Sunday, June 21, 2009

Parietal Lobe

The parietal lobe is the central portion of the cerebral cortex, situated between the frontal lobe and occipital lobe, above the temporal lobe. The central salcus separates the parietal lobe from the frontal lobe, and the parieto-occipital sulcus partially divides it from the occipital lobe.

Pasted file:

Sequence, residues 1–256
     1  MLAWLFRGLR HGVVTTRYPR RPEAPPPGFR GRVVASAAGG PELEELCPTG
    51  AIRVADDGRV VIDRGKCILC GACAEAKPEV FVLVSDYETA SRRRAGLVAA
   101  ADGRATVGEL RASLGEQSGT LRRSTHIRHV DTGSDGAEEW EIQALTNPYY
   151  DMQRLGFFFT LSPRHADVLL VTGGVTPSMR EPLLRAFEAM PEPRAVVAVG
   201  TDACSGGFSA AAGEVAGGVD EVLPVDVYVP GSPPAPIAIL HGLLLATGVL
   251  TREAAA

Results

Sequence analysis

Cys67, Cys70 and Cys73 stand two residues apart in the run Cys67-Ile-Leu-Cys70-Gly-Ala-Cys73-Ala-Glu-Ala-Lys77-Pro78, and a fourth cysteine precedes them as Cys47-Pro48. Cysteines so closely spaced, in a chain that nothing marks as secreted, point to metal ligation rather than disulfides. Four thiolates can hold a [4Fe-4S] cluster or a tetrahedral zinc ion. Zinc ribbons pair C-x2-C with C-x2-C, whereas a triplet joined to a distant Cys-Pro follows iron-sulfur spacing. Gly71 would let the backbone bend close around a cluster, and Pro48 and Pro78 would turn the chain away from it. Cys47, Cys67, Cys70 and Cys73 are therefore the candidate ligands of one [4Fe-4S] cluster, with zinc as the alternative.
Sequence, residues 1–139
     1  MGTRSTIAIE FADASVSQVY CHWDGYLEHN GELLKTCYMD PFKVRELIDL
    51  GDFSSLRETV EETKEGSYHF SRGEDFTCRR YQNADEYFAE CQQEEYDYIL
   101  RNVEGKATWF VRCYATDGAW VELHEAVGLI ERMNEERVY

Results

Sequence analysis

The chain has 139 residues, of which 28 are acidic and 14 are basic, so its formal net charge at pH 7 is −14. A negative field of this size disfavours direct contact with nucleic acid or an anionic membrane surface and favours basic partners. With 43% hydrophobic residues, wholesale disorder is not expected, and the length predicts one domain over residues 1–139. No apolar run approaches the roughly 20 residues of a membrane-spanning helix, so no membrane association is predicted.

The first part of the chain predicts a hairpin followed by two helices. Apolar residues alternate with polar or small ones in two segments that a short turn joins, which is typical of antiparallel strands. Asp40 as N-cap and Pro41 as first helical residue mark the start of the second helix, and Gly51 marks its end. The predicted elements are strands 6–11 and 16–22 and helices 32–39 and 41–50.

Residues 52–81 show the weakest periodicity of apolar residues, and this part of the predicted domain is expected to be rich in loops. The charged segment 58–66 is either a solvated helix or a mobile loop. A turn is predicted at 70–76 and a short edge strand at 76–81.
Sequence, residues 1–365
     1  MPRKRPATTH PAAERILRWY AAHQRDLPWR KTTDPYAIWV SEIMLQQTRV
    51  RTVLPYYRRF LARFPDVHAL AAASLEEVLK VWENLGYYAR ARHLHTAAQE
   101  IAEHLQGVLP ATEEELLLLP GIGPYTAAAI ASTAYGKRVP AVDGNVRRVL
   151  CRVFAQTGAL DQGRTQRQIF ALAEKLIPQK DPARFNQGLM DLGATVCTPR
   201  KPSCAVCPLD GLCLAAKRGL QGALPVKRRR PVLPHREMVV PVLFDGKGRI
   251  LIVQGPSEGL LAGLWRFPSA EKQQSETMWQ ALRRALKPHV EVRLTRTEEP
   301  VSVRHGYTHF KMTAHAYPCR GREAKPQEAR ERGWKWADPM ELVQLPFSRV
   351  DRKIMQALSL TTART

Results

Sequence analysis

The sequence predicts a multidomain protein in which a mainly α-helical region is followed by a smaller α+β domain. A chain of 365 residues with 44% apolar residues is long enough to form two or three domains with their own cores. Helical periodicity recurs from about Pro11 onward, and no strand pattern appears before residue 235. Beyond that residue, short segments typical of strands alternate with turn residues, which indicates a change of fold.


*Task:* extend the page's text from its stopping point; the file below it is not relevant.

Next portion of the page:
The parietal lobe contains the posterior central gyrus, the superior parietal lobule, the inferior parietal lobule, and parieto-occipital lobule. The parietal lobe integrates sensory information from various parts of the body, as well as knowledge of numbers and their relations, and is involved in the manipulation of objects. Portions of the parietal lobe are involved with visuospatial processing. Although multisensory in nature, the posterior parietal cortex is often referred to by vision scientists as the dorsal stream of vision (as opposed to the ventral stream in the temporal lobe). This dorsal stream has been called both the 'where' stream, as in spatial vision, and the 'how' stream, as in vision for action.